“Go there, knock on the door, and ask for Choubay. He might help you.” Having said this, the old man picked up his load and trudged away towards his hut, mumbling under his breath. Hari was all alone, surrounded by the darkness, in a strange place. Deciding to chuck his fears, he took the path around the cow pen and followed the road. After all, if this Choubey could really help, maybe he’d still be able to reach home tonight. The dirt path was covered in mud and very slippery. Hari had to take small careful steps to avoid falling over, his feet sinking deep into the mud with every step. Finally, he reached the edge of the tree line and followed the path into the forest. It was pitch black darkness, the constant chirping of crickets rang in his ears. Hari flicked on the screen light in his mobile to see the way ahead. Every now and then, it flicked off, leaving him blind. Not even his hands he could see. “Why would anyone ever build a house in this kind of place?” he wondered. He had not long to walk on the dirt path, before a clearing opened up, and in it stood a two storey building. It wasn’t huge, but big enough to house four-five people in it comfortably. The architecture was old world. One could see where once a gate had stood, now, just scraps hung off the broken boundary wall. Two steps and a long porch, led the way to a doorway with a brass knocker, the colour fading off over the years. Big windows lined either side of the door overlooking the grounds. The grounds itself was a tangle of overgrown grass and weeds, some thorny bushes lined on one side, and a well on one side. Cracks had appeared on every inch of crumbling paint on the walls, and there were small holes in the sides. It was all that Hari could make out in the dim flickering candle light that emanated from on the rooms next to the door. All the other rooms had their windows shut tight and in it, resided the darkness. Walking up to the door, he knocked hard and waited. Silence greeted him!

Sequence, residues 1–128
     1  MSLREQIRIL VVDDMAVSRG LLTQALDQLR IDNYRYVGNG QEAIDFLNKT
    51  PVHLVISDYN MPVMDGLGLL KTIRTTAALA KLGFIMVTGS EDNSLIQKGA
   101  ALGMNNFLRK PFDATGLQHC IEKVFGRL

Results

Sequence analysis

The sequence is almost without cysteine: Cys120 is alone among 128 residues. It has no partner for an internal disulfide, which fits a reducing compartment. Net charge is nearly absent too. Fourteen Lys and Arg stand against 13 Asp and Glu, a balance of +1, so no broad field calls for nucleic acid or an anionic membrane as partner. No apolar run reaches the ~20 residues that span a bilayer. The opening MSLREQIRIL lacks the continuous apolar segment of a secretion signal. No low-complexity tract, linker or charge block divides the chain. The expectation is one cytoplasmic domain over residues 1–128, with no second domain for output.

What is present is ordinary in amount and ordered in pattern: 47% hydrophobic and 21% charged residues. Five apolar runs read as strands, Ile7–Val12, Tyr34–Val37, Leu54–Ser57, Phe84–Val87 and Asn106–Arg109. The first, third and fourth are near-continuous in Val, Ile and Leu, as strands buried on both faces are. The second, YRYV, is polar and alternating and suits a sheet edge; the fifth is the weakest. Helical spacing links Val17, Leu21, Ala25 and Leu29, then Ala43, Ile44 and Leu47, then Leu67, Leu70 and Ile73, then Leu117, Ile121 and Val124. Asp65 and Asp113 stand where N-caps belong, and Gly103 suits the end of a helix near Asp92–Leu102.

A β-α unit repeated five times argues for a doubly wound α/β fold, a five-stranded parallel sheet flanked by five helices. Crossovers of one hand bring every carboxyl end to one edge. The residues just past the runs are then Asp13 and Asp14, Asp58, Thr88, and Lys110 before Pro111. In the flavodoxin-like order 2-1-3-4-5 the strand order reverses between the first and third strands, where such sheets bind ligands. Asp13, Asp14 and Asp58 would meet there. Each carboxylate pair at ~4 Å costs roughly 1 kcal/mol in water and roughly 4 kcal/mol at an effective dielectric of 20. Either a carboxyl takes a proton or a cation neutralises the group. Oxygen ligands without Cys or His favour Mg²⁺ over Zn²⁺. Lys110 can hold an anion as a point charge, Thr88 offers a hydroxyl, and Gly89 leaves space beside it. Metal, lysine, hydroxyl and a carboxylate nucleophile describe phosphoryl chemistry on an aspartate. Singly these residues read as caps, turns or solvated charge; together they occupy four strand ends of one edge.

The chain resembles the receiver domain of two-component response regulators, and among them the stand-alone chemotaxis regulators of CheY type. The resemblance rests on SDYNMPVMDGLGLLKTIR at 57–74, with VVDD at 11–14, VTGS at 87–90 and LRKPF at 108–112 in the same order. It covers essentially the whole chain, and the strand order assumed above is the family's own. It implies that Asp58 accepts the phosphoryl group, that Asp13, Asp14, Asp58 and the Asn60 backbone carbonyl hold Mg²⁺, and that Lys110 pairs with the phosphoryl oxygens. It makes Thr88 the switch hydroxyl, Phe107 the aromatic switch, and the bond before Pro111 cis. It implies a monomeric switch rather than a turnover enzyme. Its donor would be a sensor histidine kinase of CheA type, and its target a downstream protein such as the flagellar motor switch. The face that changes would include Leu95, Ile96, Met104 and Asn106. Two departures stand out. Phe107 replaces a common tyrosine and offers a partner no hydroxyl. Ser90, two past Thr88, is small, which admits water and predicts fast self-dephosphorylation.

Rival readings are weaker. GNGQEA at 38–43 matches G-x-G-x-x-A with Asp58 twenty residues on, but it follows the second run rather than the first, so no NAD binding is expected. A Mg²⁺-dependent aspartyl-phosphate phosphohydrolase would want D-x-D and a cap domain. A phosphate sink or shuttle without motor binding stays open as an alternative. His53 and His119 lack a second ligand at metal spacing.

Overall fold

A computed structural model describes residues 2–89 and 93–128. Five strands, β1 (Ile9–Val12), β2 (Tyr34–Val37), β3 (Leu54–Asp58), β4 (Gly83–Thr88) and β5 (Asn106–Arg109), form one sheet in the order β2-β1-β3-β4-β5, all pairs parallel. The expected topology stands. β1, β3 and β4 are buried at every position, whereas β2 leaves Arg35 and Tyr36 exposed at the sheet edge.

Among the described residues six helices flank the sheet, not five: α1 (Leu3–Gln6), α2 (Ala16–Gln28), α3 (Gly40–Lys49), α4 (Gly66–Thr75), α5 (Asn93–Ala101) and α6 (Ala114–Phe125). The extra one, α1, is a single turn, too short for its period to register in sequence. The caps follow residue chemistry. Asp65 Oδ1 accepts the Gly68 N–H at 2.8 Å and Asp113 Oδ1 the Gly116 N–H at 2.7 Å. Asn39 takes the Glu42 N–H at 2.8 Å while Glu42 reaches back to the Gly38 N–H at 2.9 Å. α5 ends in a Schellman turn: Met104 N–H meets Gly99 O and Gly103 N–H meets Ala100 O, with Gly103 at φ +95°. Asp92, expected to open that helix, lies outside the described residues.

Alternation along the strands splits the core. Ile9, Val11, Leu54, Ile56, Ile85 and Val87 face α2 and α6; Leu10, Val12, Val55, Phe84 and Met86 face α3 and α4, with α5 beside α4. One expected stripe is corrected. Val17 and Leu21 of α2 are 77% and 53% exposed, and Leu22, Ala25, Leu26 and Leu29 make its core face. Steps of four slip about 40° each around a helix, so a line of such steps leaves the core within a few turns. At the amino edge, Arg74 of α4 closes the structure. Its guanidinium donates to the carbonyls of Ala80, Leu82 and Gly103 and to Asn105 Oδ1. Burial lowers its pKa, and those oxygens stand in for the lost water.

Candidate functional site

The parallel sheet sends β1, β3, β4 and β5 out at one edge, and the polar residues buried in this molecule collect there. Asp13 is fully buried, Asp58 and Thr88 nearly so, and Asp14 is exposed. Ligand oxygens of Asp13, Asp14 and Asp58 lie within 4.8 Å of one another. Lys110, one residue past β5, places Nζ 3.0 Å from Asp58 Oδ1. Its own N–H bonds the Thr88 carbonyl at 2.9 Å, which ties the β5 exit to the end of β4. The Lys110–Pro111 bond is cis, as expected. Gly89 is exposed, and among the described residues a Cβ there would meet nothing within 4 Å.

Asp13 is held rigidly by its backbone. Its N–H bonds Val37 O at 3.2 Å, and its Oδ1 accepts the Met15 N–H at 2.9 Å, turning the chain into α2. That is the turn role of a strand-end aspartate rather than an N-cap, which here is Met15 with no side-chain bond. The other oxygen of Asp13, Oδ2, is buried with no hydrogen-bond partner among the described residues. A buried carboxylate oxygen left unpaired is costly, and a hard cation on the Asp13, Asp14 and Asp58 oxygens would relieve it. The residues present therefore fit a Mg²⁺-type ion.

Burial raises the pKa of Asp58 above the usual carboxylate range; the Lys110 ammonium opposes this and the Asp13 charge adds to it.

He knocked again, louder. Inside, he heard the creak of a chair being pushed back. The light of the candle in the neighboring window moved away, and the shuffle of feet. It got closer and closer and then stopped on the other side of the door. “Who is it?”Asked a deep gruff voice from inside. Hari cleared his throat and said, ”My name is Hari. I was driving down the road here when my car broke down not far from here. I came here for help. I was asked to look for someone called Choubay. Could you please help me?” Once again, silence!
“Please, I’ll pay you.” Hari added incentive as an afterthought. It worked. He heard the rattle of bolts being drawn and with a loud squeak, the door opened. Inside, holding a candle was a rather grim looking man, short and thin, about fifty or thereabouts, graying thin hair, and a scraggy beard. He was wearing a torn vest and pyjamas, looking up curiously at Hari with flickering flame of the candle in his hand casting shadows over his scarred face.